Scoop: Mad Martha’s is moving

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The Mad Martha’s ice cream shop in Vineyard Haven is moving from its Main Street location to 24 Union St., owner Brook Katzen confirmed.

“The space we were in before didn’t work well for us,” Katzen told The Times of the building at 48 Main St. “It’s a small and awkward configuration.”

As a result, the shop was only able to accommodate two employees while other Mad Martha’s locations in Oak Bluffs and Edgartown can staff four employees to meet customer demand.

Katzen purchased the location at 34 Union St. for $1.1 million on Dec. 27 from Leo Paul DeSorcy, trustee of Bike Shop Realty Trust, according to real estate records. He purchased the Mad Martha’s locations and businesses last spring for $8.2 million.

Katzen said the Vineyard Haven move is a return of Mad Martha’s to Union Street. It was previously located in the building that now houses Salvatore’s Restaurant, he said.

Not only is the space bigger, but it provides greater visibility — especially for ferry traffic, Katzen said. Meanwhile, Sam Dunn is redeveloping the space around the Old Stone Bank on Main Street with the combination of commercial and residential properties.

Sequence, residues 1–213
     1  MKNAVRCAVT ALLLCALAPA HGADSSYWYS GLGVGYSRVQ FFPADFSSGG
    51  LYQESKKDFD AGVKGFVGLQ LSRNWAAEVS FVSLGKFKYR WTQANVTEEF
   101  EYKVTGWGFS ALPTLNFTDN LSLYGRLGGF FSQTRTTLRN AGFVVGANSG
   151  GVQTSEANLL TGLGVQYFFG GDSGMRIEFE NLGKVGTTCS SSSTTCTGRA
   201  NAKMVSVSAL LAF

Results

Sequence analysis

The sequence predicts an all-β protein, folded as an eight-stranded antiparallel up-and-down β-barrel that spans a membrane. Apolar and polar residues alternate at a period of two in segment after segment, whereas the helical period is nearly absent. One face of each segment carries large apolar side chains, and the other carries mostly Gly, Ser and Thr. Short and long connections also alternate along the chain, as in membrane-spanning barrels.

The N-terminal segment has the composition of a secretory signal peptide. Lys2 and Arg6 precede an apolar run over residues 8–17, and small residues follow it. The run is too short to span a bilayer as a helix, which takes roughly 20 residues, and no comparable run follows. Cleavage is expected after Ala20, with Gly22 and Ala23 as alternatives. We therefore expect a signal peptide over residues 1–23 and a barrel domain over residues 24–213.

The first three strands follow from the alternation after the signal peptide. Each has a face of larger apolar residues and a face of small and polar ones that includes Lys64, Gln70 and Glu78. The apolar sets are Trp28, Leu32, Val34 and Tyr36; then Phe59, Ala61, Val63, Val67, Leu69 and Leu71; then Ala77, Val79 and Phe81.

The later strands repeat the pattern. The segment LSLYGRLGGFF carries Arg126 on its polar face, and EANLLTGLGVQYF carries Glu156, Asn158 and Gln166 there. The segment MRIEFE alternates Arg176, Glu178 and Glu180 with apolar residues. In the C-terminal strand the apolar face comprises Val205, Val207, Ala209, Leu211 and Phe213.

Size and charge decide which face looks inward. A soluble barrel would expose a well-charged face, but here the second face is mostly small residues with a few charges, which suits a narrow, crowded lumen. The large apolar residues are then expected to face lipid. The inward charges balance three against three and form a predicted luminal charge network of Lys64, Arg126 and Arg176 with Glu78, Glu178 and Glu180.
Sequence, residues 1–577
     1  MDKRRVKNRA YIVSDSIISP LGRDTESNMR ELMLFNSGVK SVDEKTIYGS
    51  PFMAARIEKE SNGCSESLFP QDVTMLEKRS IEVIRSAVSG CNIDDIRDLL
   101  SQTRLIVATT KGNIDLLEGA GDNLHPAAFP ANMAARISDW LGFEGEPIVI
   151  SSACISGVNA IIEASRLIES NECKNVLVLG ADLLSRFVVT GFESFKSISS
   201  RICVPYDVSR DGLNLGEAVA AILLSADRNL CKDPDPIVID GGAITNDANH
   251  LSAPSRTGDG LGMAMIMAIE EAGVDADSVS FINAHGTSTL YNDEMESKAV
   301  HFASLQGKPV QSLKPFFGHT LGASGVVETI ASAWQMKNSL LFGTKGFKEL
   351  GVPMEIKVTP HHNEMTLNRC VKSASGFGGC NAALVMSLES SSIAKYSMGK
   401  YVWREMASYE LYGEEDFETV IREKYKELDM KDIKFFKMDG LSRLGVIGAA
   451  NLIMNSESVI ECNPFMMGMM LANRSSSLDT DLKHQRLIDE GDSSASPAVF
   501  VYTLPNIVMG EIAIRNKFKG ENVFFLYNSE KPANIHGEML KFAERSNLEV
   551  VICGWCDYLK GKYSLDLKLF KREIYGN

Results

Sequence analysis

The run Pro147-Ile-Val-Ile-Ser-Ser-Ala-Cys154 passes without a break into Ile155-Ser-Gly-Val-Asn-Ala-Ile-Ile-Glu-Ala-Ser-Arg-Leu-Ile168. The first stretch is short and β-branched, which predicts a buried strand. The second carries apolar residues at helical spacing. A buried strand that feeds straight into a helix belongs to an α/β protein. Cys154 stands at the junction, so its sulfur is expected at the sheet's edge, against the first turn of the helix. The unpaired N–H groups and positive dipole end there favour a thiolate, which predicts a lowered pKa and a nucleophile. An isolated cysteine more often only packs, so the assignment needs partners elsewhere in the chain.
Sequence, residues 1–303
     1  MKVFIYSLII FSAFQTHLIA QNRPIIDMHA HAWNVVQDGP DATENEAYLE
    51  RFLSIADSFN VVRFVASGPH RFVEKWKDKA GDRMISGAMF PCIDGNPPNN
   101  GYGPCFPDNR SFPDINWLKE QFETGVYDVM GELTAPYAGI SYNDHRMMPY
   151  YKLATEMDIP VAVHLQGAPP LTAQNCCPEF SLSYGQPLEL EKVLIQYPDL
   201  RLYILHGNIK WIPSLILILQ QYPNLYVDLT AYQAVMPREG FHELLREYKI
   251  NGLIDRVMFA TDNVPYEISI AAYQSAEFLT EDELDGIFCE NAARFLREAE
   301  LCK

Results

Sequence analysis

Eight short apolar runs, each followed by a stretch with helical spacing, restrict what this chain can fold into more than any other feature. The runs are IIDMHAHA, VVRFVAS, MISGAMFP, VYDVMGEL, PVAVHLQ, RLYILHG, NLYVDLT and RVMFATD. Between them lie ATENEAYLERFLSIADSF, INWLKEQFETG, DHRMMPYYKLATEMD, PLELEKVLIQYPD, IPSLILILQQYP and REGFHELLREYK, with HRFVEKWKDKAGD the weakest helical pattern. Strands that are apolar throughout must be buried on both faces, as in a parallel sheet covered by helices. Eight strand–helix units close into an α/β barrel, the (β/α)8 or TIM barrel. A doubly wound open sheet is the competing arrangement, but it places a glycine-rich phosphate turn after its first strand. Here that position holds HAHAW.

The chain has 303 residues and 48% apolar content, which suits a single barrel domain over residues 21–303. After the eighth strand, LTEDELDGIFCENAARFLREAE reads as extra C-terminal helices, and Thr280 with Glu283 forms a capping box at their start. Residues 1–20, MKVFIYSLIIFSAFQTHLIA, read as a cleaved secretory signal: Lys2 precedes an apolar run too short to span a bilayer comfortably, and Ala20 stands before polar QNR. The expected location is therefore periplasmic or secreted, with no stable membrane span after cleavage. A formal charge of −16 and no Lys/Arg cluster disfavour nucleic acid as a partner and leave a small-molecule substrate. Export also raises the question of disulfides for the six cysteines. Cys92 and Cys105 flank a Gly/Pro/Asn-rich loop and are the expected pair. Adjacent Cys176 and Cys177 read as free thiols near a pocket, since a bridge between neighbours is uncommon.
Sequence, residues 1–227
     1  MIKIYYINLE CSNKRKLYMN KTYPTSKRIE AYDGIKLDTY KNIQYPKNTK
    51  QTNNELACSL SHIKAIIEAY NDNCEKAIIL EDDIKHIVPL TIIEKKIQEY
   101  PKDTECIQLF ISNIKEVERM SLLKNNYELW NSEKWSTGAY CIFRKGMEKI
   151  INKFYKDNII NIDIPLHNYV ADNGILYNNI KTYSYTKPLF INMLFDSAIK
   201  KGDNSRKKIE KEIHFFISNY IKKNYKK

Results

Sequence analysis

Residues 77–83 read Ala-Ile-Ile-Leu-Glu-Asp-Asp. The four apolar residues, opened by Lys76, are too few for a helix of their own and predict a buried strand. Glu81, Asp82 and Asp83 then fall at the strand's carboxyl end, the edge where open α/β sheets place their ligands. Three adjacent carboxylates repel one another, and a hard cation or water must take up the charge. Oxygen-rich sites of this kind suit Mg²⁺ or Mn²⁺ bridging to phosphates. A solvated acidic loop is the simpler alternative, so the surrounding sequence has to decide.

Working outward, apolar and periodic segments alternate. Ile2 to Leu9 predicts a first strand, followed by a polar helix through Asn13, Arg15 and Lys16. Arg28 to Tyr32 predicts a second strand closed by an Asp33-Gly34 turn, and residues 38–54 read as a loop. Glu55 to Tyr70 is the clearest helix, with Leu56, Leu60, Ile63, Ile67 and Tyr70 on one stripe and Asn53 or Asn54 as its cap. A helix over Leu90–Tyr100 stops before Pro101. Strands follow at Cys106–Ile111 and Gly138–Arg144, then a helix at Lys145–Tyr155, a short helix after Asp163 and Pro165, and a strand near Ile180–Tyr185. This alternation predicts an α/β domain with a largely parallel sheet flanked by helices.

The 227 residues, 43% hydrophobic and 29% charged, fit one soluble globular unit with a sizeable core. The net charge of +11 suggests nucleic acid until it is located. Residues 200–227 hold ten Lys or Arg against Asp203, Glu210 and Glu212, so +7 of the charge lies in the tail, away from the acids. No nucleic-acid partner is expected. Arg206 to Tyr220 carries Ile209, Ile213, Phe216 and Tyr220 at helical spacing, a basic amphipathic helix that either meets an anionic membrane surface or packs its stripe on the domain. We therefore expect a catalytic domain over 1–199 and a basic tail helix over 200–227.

“That’s really exciting,” Katzen said about the work being done in that area. “There’s a lot of positive changes happening in Vineyard Haven.”

As for the Main Street building, Katzen said he has entered into a lease with caterer Spring Sheldon to use that building. Sheldon had already been using the kitchen in the basement of Mad Martha’s for her catering business, Katzen said.

Katzen said Sheldon intends to use the space for special events and a food store. There are no plans to turn it into a restaurant, he said.

Sheldon, who also operates the El Gato Grande food truck, told The Times her new venture will be called S & S Kitchenette. Along with operating her catering business out of the kitchen, she’ll be doing prepared meals and a small grocery upstairs where she’ll sell prepared meals such as taco kits, pizza kits, and pre-made enchiladas. She plans to use the space for cooking classes, chef dinners, and private functions such as rehearsal dinners, she said.

“We’re going to be as year-round as possible,” she said, noting that she’ll likely close in January and February to give employees a break.

Sheldon in the process of getting necessary permits from the town. She’s received sign-offs from wastewater and the board of health and is awaiting a common victualer’s license. Her goal is to be open by mid to late April.